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Civil-Comp Proceedings
ISSN 1759-3433
CCP: 110
Edited by: J. Pombo
Paper 252

Thermo-Mechanical Effects in the Formation Mechanism of Rail Squats

M. Naeimi1, Z. Li1, R. Dollevoet1, J. Wu2, R.H. Petrov2,3 and J. Sietsma2,3

1Section of Railway Engineering, Faculty of Civil Engineering and Geoscience, Delft University of Technology, The Netherlands
2Department of Materials Science and Engineering, Delft University of Technology, The Netherlands
3Department of Materials Science and Engineering, Ghent University, Belgium

Full Bibliographic Reference for this paper
M. Naeimi, Z. Li, R. Dollevoet, J. Wu, R.H. Petrov, J. Sietsma, "Thermo-Mechanical Effects in the Formation Mechanism of Rail Squats", in J. Pombo, (Editor), "Proceedings of the Third International Conference on Railway Technology: Research, Development and Maintenance", Civil-Comp Press, Stirlingshire, UK, Paper 252, 2016. doi:10.4203/ccp.110.252
Keywords: thermo-mechanical effect, finite element, plastic strain, temperature, white etching layer, squats, thermal stress.

A three-dimensional elasto-plastic finite element (FE) tool has been developed to study the thermo-mechanical originations of squats in rails. The initiation process of rail squats is in principle related to the response of materials against cyclic loading. The thermo-mechanical issues in this process are not yet clear, due to the complicated wheel-rail interaction and the variability of the loads, parameters and material properties. This paper examines the role of thermo-mechanical-related causes on the formation mechanism of squats using numerical modelling. Assuming a range of material behaviour, thermal softening and temperature dependencies, the sliding wheel-rail contact problem is investigated using a three-dimensional FE tool. The temperature rise and thermal stress due to the frictional heat, generated at the contact surface of the wheel and rail, are taken into account. The magnitudes and distributions of thermo-mechanical stresses on rail surface are calculated for realistic loading conditions. Particular attentions are paid to the temperature rise, residual stress and plastic strain with thermal effects under high tractive forces.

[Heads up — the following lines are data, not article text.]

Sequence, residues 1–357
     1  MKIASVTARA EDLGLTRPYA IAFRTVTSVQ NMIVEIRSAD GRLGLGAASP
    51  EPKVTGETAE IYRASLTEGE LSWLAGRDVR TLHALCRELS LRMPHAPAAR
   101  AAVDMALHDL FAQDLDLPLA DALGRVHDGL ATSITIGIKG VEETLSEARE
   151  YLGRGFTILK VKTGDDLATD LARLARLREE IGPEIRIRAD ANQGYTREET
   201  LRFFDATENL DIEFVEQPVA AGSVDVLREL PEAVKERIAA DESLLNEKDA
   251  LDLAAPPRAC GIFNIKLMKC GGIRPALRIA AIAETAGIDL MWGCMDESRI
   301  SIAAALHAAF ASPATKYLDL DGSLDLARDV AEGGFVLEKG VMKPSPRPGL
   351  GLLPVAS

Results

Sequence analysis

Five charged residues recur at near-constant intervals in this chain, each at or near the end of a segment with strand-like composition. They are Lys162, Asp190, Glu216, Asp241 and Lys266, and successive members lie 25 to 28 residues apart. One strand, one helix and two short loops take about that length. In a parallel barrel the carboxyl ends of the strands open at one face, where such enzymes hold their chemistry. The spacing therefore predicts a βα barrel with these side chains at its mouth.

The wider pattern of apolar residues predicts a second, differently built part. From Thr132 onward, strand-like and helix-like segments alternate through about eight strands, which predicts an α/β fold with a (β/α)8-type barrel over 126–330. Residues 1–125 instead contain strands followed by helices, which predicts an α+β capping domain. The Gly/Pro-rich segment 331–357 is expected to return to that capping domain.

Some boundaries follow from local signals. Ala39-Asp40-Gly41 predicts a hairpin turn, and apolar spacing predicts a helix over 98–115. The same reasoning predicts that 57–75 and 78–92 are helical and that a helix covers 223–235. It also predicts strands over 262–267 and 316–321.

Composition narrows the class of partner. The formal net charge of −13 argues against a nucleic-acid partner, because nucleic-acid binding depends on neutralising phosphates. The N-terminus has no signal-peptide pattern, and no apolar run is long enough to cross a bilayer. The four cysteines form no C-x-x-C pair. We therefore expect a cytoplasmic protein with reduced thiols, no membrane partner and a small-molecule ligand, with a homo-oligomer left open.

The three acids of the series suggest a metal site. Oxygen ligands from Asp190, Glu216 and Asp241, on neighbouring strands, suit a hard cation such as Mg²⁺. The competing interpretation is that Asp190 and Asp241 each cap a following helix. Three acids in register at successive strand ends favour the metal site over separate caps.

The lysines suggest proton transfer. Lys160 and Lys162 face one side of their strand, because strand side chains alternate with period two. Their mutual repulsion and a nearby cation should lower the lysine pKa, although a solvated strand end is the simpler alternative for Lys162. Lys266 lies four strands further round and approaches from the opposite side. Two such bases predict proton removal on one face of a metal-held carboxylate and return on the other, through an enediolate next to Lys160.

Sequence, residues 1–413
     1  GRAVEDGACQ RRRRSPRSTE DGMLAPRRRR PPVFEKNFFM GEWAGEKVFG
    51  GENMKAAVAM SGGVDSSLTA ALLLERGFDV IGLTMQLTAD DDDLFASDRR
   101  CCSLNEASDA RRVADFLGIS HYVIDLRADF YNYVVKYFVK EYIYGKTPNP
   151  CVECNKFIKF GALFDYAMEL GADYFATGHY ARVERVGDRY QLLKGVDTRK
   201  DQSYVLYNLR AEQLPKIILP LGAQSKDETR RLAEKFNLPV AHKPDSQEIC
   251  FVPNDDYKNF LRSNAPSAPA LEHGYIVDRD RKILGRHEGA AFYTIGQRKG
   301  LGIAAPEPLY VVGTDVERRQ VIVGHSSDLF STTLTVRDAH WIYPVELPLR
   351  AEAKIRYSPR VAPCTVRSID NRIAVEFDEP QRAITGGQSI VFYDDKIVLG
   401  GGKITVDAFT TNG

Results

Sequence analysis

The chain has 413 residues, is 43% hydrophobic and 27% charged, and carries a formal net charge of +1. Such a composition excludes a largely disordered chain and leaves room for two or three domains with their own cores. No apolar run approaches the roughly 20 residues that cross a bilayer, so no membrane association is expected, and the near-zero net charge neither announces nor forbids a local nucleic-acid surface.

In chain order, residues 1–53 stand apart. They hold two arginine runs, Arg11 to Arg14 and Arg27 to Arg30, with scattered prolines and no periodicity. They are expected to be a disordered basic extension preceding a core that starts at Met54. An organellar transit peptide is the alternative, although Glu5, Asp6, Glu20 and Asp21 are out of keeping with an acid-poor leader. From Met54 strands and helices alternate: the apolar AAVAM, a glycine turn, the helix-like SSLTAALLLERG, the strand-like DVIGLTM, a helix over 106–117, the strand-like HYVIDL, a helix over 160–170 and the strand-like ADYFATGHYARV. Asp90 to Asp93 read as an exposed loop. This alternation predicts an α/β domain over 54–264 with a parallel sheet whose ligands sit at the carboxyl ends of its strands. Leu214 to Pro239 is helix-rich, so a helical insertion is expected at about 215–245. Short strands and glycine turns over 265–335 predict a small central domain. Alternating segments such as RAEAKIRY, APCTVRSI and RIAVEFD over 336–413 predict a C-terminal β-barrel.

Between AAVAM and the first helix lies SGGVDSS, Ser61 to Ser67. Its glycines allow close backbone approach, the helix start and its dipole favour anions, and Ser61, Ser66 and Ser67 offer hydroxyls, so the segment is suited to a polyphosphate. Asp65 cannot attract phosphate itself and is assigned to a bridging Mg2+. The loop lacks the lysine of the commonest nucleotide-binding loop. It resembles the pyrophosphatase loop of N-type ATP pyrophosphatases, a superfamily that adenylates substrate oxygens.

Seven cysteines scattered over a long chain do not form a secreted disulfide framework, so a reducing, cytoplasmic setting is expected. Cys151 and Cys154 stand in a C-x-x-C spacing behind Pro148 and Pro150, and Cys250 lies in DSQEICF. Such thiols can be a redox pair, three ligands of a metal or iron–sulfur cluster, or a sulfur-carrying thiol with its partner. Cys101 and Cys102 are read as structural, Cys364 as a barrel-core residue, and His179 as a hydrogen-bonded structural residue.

The outputs are used to scrutinise if the so-called white etching layer is formed as a result of the temperature rise, needed for structural phase change and to consider the role of plastic deformations.

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